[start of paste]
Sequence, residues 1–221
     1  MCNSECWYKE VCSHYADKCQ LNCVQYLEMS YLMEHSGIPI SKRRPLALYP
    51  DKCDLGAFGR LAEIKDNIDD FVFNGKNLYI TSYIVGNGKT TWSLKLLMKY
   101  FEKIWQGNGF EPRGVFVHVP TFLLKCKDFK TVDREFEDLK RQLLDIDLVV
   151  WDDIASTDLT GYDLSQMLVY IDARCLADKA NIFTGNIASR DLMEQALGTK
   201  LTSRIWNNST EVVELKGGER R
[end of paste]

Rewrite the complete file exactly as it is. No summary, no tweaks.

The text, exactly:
Sequence, residues 1–221
     1  MCNSECWYKE VCSHYADKCQ LNCVQYLEMS YLMEHSGIPI SKRRPLALYP
    51  DKCDLGAFGR LAEIKDNIDD FVFNGKNLYI TSYIVGNGKT TWSLKLLMKY
   101  FEKIWQGNGF EPRGVFVHVP TFLLKCKDFK TVDREFEDLK RQLLDIDLVV
   151  WDDIASTDLT GYDLSQMLVY IDARCLADKA NIFTGNIASR DLMEQALGTK
   201  LTSRIWNNST EVVELKGGER R